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Multiyear Scholarships: Why it May Affect You Differently Than You Think

Multi Year ScholarshipsWhen athletes think about the possibility of a multi-year scholarship, they typically think about the safety of not needing their scholarship renewed annually. However, the new ruling may affect athletes in a more negative way than many of them think.

A Brief Background of the New Ruling

The decision to allow NCAA Division I schools to offer athletes scholarships for more than one year was passed in October of 2011. Prior to this ruling, all scholarships offered were for one year, and were renewable by the school at the end of each school year. Since the rule change in October, the debate surrounding multi-year scholarships has continued; the multi-year scholarship rule was narrowly upheld in a vote back in February 2012.

Why is This Bad For Athletes?

Initially, most schools will not be able to offer athletes a scholarship for multiple years. The ones that could are the schools with major football programs (think SEC, along with a few Big 10, PAC 12, and Big 12 teams). The reason these schools can offer multi-year scholarships is because they can handle the large financial burden that will be placed on the school. Instead of the risk of offering an athlete a one-year deal, the risk can now be up to four times as large. Most athletic departments do not make a profit. This would begin to open up a sizeable recruiting advantage for the schools initially able to offer multi-year deals. Other schools would then have to play catch-up, and begin to either cut costs or increase revenue, with the former being much more likely.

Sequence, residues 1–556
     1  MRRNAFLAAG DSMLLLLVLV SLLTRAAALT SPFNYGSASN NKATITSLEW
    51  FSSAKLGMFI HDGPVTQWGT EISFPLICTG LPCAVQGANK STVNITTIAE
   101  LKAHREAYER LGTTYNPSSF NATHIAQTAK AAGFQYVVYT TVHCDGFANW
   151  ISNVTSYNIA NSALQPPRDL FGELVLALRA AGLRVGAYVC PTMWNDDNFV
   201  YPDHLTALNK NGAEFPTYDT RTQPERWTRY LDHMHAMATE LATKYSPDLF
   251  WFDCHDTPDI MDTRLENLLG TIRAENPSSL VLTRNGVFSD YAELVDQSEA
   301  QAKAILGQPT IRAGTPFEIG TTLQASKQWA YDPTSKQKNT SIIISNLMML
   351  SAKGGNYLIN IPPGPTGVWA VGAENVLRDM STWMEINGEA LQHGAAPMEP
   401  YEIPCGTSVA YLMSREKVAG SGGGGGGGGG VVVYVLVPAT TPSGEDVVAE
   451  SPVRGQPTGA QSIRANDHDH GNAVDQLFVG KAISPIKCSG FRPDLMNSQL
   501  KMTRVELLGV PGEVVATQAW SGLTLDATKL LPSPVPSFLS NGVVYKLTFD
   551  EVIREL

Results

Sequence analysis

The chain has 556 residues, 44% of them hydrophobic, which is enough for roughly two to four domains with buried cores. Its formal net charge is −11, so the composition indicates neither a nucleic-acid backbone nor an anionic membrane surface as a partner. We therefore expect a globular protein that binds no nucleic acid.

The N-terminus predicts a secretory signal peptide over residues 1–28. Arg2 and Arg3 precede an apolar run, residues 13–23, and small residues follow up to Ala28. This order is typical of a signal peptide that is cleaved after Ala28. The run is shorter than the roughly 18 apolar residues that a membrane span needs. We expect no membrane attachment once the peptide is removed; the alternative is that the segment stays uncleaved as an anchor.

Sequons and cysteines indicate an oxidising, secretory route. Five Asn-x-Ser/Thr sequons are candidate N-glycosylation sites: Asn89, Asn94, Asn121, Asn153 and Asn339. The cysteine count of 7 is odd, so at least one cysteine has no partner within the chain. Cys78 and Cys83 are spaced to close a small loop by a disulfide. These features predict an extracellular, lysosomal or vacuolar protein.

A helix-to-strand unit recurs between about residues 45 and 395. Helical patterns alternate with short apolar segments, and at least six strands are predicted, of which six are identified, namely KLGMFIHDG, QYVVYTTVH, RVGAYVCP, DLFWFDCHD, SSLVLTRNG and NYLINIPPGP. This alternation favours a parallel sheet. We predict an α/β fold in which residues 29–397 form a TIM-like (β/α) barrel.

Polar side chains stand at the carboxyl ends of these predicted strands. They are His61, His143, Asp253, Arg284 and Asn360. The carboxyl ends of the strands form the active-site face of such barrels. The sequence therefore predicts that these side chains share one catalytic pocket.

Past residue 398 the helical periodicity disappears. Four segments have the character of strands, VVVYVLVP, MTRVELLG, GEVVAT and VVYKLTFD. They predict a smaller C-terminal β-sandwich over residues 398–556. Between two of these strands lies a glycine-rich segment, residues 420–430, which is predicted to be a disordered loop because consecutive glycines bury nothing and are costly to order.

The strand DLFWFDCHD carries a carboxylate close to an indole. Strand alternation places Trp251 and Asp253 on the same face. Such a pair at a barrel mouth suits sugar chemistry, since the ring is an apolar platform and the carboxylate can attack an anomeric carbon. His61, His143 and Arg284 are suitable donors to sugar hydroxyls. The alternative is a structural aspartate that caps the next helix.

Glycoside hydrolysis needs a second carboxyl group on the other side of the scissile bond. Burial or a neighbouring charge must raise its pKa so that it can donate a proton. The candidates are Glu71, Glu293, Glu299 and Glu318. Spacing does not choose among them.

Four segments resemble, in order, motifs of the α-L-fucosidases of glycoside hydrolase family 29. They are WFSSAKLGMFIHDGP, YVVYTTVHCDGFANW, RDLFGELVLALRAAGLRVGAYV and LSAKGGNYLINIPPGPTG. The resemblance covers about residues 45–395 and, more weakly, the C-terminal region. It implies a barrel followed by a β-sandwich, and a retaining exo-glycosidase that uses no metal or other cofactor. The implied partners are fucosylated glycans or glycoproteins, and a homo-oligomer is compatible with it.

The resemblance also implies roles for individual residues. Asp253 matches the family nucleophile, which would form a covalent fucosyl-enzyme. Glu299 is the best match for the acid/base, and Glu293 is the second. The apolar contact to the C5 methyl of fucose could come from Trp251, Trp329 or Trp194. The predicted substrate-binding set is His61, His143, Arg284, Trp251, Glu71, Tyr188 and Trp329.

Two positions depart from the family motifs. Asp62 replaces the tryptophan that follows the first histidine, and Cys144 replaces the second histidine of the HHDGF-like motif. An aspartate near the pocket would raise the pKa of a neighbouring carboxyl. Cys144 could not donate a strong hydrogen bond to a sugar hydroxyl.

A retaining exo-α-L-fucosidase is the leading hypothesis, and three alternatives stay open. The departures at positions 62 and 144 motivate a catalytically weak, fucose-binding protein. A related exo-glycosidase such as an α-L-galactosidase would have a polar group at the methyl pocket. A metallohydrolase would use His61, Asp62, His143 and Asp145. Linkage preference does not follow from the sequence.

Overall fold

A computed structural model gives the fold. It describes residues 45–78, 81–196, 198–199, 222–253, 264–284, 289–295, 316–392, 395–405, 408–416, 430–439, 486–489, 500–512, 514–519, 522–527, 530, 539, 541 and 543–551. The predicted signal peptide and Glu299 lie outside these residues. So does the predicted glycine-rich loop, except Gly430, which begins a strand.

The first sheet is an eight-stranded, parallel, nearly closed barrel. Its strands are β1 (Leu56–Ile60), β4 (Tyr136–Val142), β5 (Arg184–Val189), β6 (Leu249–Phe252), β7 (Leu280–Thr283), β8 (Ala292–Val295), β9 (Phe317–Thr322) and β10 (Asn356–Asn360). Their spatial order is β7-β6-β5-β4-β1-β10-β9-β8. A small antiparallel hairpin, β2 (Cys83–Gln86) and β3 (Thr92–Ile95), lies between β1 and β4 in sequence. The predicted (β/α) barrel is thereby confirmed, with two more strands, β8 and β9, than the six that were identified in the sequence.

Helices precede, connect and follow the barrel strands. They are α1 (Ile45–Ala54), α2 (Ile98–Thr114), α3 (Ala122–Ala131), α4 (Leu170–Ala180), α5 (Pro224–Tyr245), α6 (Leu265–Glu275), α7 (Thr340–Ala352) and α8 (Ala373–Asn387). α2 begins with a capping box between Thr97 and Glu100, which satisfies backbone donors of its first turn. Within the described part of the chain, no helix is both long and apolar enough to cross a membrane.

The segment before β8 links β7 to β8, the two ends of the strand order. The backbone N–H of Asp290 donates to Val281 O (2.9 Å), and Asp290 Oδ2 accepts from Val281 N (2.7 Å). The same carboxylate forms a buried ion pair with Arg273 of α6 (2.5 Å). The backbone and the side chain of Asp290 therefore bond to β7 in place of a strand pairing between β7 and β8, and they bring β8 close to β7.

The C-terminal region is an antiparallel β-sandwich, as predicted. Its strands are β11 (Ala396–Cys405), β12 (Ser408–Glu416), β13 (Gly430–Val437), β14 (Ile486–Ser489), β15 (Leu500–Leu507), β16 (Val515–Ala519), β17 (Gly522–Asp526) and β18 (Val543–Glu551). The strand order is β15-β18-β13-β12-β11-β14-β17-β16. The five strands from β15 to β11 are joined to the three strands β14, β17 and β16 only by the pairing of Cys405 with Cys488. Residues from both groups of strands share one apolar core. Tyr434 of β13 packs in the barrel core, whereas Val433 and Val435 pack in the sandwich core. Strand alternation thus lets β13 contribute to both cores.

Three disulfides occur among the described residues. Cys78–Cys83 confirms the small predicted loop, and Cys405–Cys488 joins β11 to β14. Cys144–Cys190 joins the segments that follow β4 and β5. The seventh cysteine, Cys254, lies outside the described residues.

Where Will Schools Cut Costs?

If colleges and universities want to cut costs, they will need to shut down other athletic programs not considered to be revenue sports (revenue sports being football and basketball). This means anything from baseball and softball programs, to track and field, to swimming and diving, can be cut to help pay for multiple year scholarships for football and basketball players. Since majority of athletes out there are not football or basketball players that are going to a BCS automatic qualifying conference (Pac 12, Big 12, ACC, Big East, Big 10 and SEC), multi-year scholarships will likely have a negative effect on you because it will limit the number of opportunities you have.

Why Some Major Schools are Against the New Rule

If multi-year deals were an advantage for the top athletic programs, you would think all the top schools would be in favor, right? That is not the case. Schools like Texas and Oklahoma have come out against the new rule. They feel that if an athlete is offered a deal that covers all of their college years, they will lose incentive to work hard and compete year in and year out. Mack Brown, the had coach of the Texas Longhorns’ football team, claims that unless an athlete gets arrested, stops performing in the classroom, or stops working hard on the field, they will get their scholarship renewed.

What do you think? How will multi-year scholarships change an athlete’s motivation? Are they ultimately good or bad for college sports?

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